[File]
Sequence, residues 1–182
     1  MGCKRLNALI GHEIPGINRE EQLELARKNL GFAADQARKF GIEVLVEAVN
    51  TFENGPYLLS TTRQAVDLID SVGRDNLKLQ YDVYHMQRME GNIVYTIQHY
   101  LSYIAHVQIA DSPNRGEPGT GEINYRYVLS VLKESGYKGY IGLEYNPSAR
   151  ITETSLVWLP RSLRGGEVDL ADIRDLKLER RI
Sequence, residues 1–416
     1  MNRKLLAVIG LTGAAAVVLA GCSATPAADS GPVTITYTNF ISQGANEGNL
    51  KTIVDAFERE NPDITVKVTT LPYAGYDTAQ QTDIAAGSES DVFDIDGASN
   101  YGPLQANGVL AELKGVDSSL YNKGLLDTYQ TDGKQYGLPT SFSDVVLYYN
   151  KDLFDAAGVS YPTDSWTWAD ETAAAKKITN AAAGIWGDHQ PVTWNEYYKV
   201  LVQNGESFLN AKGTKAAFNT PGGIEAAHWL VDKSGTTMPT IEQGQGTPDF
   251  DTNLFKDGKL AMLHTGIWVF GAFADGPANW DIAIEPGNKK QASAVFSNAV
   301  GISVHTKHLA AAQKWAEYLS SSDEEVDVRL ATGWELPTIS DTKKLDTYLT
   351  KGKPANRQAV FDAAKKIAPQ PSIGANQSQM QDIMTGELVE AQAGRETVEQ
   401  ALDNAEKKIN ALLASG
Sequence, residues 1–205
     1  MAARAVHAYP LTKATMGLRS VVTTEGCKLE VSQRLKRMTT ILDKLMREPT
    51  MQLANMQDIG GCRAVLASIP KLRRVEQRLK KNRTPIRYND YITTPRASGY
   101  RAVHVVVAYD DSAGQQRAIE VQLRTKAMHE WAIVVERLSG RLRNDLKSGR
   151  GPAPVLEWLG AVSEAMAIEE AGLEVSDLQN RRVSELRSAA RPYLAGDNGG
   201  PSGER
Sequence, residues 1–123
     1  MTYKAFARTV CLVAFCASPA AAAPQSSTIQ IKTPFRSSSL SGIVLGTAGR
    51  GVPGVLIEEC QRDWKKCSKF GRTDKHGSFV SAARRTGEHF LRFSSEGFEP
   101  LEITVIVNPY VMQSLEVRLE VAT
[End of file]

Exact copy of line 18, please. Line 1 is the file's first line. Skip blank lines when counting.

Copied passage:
    51  MQLANMQDIG GCRAVLASIP KLRRVEQRLK KNRTPIRYND YITTPRASGY